Ibrutinib, a drug used to suppress chronic lymphocytic leukemia (CLL), acts through a genetic program shared by all patients. However, the program may be executed quickly, or slowly, depending on the patient. The speed with which the program is executed appears to correlate with molecular markers present in pretreatment patient samples, raising the possibility that these markers could be used to stratify patients into fast and slow responders.
These findings emerged from a study led by scientists at the CeMM Research Center for Molecular Medicine of the Austrian Academy of Sciences. The scientists, led by Christoph Bock, PhD, an expert in medical epigenomics, used immune-phenotyping, single-cell transcriptome profiling, and chromatin mapping to track the response to ibrutinib over time. Ultimately, the scientists determined that ibrutinib induces a very consistent chain of events on cancer cells over time across all patients.
Ibrutinib first acts right at the center of the CLL cells’ activity, causing the genes that establish the cancer cell identity of the CLL cells to shut down, and then puts them in a dormant state. This means that the cancer cells stop dividing but quiescently survive, waiting for the right environmental conditions to begin proliferation once again.
Additional details appeared in a paper (“Chromatin mapping and single-cell immune profiling define the temporal dynamics of ibrutinib response in CLL”) that appeared January 29 in the journal Nature Communications. The paper describes time-dependent cellular, molecular, and regulatory effects for therapeutic inhibition of B-cell receptor signaling in CLL, and it establishes a broadly applicable method for epigenome/transcriptome-based treatment monitoring.
“We identify a consistent regulatory program starting with a sharp decrease of NF-κB binding in CLL cells, which is followed by reduced activity of lineage-defining transcription factors, erosion of CLL cell identity, and acquisition of a quiescence-like gene signature,” the article’s authors wrote. “We observe patient-to-patient variation in the speed of execution of this program, which we exploit to predict patient-specific dynamics in the response to ibrutinib based on the pre-treatment patient samples.”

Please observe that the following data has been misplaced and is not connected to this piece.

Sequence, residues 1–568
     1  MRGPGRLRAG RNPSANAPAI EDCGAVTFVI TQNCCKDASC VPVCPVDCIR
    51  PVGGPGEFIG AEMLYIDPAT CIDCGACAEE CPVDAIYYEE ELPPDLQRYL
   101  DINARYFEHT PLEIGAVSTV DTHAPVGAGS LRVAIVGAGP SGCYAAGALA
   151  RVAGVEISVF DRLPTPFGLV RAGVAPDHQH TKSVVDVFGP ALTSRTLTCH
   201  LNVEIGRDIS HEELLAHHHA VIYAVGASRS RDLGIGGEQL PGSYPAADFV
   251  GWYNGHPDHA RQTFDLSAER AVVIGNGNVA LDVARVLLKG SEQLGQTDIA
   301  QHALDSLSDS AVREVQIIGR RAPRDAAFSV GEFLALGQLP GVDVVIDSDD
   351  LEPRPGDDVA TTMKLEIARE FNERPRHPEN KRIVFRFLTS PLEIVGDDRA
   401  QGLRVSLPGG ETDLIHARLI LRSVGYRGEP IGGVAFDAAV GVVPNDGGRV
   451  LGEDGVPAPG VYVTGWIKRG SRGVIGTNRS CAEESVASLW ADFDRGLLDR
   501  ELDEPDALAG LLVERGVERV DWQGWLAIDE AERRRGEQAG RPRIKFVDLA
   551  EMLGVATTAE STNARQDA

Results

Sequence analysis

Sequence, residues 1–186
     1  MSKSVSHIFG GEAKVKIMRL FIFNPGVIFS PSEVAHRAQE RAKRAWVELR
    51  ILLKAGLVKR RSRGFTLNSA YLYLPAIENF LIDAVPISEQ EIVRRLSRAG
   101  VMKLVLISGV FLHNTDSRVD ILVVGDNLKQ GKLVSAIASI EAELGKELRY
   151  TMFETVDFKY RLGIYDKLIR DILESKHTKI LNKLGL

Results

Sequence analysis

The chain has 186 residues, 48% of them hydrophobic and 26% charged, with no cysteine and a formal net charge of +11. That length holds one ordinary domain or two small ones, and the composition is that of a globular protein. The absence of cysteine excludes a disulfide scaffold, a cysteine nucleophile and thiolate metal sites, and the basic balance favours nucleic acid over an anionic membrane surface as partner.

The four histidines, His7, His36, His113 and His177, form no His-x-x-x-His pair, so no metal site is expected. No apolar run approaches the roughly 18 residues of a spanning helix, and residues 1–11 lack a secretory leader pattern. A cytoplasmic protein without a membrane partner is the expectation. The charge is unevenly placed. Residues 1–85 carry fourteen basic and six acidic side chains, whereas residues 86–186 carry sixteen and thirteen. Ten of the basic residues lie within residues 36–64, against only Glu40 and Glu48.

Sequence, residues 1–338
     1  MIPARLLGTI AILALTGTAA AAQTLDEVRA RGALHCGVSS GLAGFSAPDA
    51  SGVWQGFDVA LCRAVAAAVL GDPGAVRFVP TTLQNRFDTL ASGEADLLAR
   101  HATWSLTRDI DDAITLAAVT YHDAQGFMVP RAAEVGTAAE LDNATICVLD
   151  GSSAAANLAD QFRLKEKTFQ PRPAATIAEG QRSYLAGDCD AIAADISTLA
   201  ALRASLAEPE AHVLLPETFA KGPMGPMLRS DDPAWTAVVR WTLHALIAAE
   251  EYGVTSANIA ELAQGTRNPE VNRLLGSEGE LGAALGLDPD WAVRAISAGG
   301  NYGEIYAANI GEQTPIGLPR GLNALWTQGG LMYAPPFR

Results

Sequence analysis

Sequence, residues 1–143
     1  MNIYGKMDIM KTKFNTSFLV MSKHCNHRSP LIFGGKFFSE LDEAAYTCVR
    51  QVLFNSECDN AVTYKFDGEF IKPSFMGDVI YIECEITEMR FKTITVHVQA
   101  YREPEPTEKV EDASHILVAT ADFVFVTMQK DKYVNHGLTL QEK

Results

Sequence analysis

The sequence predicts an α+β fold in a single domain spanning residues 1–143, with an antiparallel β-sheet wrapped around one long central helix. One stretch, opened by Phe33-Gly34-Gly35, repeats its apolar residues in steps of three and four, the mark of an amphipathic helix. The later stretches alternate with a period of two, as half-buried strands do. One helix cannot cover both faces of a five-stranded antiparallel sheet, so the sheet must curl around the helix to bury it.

CLL is the most common form of leukemia in the Western world, affecting approximately 1.2% of all cancer patients. This type of cancer starts with the lymphocytes that are produced in the bone marrow. CLL is characterized by the proliferation of abnormal lymphocytes (B cells) that fail to mature and grow out of control. These abnormal cells accumulate in the bone marrow and lymph nodes, taking the place of other healthy cell types and impeding their normal development. Finding the most suitable therapy for each patient poses a challenge due to the clinical and molecular heterogeneity of this disease, with some patients facing slow disease progression, whereas others face rapid progression and require quick medical response.
The cancer drug ibrutinib, a Bruton tyrosine kinase (BTK) inhibitor, has remarkable efficacy in most patients with CLL. It is becoming the standard of care for most patients requiring treatment due to its clinical efficacy and mostly tolerable side effects. However, it does not cure the disease, and patients must undergo prolonged periods of treatment.
According to Bock’s team at CeMM, CLL cells and other immune cells that respond to ibrutinib manifest distinctive epigenetic and transcriptional patterns. These patterns predict how swiftly the treatment is having an effect on the CLL cells and how long it takes for the disease to respond in each individual patient.
In previous studies, scientists had investigated only specific aspects of the molecular response to ibrutinib, focusing largely on genetic drug resistance or the transcriptome response of cancer cells. In the current study, CeMM researchers tried a new, more comprehensive approach. They conducted a genome-scale, time-resolved analysis of the regulatory response to this drug in primary patient samples.
The scientists simultaneously monitored the activity, regulation, and expression of the CLL cells and other cell types of the immune system. Importantly, they performed this analysis at eight predefined time points during the ibrutinib therapy, following seven individual patients over a standardized 240-day period after the start of the treatment.
After the CeMM team amassed a dataset, they put it through integrative bioinformatic analysis to generate one of the first high-resolution, multi-omics time series of the molecular response to targeted therapy in cancer patients. This work, the CeMM team asserts, establishes a broadly applicable approach for analyzing drug-induced regulatory programs, identifying molecular response markers for targeted therapy.
These results will help develop personalized strategies for managing CLL as a chronic disease, which is particularly relevant for CLL as a disease of the elderly. Also, they will help stratify patients into fast and slow responders based on characteristic molecular markers and open new directions for the development of ibrutinib-based combination therapies for CLL.